Table 4:

F-square value for the model analysed.

AC   0.020281077            
CE       0.901647322        
CN   0.118523461            
PR   0.000736959            
RS   0.042274161            
SY   0.043225334            
UC   0.000030452            
DOI: 10.7717/peerjcs.1392/table-4

Discriminent validity

The discriminant validity for a set of objects is the degree of distinction between the objects for various structures. This validity is one of the most important statistical means for identifying the multiple levels of differentiation between different items and constructs. It is always better to comprise values rather than creating new ideas and associating them with numerous variables. During this analysis, the discriminant measurements were taken care of to identify any overlap in the variance to ensure that a proper correlation existed between each category and the objects that were measured with the help of these categories.

The Fornell and Larcker calculation suggests that the root value of the average variance expected for each variable should be more than the correlation in between these variables. Table 5 suggests the discriminant validity based on these observations.

Table 5:

Fornell-Larcker criterion statistics for the study.

AC 0.779              
CE 0.551 0.752            
CN 0.522 0.718 0.835          
LO 0.488 0.688 0.551 0.850        
PR 0.613 0.598 0.681 0.495 0.752      
RS 0.532 0.722 0.762 0.527 0.705 0.844    
SY 0.570 0.665 0.604 0.550 0.622 0.747 0.832  
UC 0.705 0.565 0.605 0.551 0.613 0.566 0.635 0.814
DOI: 10.7717/peerjcs.1392/table-5

Model fit summary

Table 6 represents the model fit summary for this study. All the factors under consideration were compared for the saturated model value and the estimated model value.

Table 6:

Model fit summary for the study.

Factor Saturated model Estimated model
SRMR 0.068 0.071
d_ULS 6.902 7.552
d_G 3.318 3.336
Chi-square 4,034.781 4,051.724
NFI 0.670 0.668
DOI: 10.7717/peerjcs.1392/table-6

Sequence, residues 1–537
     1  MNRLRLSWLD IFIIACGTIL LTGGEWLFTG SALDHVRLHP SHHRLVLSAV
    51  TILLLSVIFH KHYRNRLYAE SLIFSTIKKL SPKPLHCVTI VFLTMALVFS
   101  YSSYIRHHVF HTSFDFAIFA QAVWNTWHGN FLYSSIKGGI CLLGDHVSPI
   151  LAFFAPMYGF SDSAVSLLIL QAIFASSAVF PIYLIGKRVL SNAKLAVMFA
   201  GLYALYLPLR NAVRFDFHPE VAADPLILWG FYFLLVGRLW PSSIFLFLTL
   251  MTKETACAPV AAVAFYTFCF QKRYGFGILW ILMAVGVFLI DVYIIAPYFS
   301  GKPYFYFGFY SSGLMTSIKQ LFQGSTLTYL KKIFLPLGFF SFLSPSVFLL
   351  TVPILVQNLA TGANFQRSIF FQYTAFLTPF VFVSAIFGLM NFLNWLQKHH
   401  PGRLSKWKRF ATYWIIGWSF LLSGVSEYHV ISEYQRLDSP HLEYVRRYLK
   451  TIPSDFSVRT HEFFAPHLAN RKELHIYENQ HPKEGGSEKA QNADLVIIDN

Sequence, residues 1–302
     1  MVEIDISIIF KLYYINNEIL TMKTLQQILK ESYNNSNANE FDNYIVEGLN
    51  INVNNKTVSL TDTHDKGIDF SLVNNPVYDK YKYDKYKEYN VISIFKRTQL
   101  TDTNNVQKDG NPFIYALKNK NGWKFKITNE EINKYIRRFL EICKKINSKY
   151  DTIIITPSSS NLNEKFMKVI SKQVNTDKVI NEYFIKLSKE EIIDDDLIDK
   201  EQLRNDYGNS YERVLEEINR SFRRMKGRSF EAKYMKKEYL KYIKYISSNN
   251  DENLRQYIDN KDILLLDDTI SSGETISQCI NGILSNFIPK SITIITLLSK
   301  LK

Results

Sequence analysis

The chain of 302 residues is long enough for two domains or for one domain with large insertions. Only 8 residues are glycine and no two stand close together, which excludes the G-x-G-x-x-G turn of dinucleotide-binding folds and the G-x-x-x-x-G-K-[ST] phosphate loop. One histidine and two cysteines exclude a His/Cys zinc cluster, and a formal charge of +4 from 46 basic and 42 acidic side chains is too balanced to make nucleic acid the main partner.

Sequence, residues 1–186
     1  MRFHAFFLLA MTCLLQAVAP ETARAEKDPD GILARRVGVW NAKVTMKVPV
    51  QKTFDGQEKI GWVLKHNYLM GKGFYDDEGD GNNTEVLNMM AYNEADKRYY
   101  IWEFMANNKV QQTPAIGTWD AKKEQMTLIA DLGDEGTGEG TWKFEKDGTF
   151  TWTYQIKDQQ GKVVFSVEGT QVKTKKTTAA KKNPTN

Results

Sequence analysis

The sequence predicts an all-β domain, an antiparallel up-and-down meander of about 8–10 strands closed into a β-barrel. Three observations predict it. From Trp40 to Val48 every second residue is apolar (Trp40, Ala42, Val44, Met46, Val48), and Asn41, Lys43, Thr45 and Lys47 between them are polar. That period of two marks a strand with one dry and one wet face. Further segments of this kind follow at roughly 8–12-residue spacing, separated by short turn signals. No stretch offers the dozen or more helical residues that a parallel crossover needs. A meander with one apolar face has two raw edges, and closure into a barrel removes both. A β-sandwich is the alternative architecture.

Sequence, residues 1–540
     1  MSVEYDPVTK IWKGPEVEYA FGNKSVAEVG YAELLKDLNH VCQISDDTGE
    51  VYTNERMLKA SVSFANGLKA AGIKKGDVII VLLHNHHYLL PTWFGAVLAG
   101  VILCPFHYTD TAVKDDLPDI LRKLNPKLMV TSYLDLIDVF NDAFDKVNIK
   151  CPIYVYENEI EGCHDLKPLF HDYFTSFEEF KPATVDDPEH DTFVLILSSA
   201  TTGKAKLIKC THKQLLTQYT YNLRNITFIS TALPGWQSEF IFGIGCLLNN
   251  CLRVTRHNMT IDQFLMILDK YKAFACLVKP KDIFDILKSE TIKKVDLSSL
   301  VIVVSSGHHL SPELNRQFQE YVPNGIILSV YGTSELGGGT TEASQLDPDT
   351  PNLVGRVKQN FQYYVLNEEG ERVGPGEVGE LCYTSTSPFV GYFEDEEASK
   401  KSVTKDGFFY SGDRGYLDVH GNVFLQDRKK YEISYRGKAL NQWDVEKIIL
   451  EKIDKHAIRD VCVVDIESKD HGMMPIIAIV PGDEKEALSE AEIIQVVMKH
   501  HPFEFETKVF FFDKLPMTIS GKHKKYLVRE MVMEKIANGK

Hypothesis testing

To test hypotheses, partial least squares (PLS) were employed to calculate all structural paths between the elements involved. Additionally, the strength of each route was calculated using a beta value (). Furthermore, a bootstrapping study used T-statistics to evaluate hypotheses (see Fig. 2 and Table 7 below). Active control, responsiveness, and synchrony are shown in Table 4 to enhance consumer engagement positively. According to our findings, customer interaction significantly influences consumer loyalty. On the other hand, personalization and ubiquitous connection seem not to influence consumer engagement substantially.


Based on the results of partial least squares (PLS), active control (AC) has a positive impact on customer engagement (CE) in m-commerce applications. This result is comparable with some previous studies. This result may indicate that customers in m-commerce applications in the Saudi context have complete control over mobile commerce apps. Subsequently, customer engagement with m-commerce applications increased. Therefore, service providers should give customers power when using m-commerce applications.

Contrary to expectations, results showed that ubiquitous connectivity does not positively impact customer engagement in m-commerce applications. This result is incomparable with previous studies. This may indicate that customers need help when they want to connect with mobile commerce apps. This problem may be caused by service providers or the availability of an Internet connection. Service providers should be aware of such issues to increase the use of their m-commerce applications.

The bootstrapping results after the data analysis.

Figure 2: The bootstrapping results after the data analysis.

Table 7:

Hypothesis testing result with decision.

Factor Path (hypothesis) Std. Beta Std. Error T-value P-values Decision
H1 AC – CE 0.133 0.064 2.029 0.043 Supported
H2 UC – CE 0.007 0.084 0.064 0.949 Not supported
H3 CN – CE 0.352 0.084 4.187 0 Supported
H4 RS – CE 0.244 0.084 2.9 0.004 Supported
H5 PR – CE −0.02 0.07 0.378 0.705 Not supported
H6 SY – CE 0.205 0.074 2.814 0.005 Supported
H7 CE – LO 0.692 0.049 14.144 0 Supported
DOI: 10.7717/peerjcs.1392/table-7

Do your facts of the variables calculated with the help of the effect size after the effect size value gives the assessment. In this study, their square value reflects that the conditions for all the exogenous factors are acceptable within limits as per the observations in Table 8. Multiple regression is possible for identifying the components of different variables and their impacts on each other. All the values below the range of 0.02 and 0.15 have a small impact. However, the values above 0.15 and 0.36 have a medium effect. Finally, the values that are above 0.36 have a higher impact value.